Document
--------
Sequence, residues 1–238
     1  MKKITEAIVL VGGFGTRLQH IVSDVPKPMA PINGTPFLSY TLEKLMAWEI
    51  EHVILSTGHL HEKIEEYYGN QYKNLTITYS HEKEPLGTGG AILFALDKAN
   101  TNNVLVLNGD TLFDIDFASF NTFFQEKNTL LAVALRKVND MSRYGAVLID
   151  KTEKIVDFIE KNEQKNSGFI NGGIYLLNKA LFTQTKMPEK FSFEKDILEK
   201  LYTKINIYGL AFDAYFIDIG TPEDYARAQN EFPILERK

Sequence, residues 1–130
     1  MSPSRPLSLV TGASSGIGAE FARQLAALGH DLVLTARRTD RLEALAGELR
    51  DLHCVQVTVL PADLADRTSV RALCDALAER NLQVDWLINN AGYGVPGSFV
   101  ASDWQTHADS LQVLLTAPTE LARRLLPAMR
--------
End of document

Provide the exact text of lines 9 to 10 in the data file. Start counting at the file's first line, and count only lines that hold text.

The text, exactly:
    51  DLHCVQVTVL PADLADRTSV RALCDALAER NLQVDWLINN AGYGVPGSFV
   101  ASDWQTHADS LQVLLTAPTE LARRLLPAMR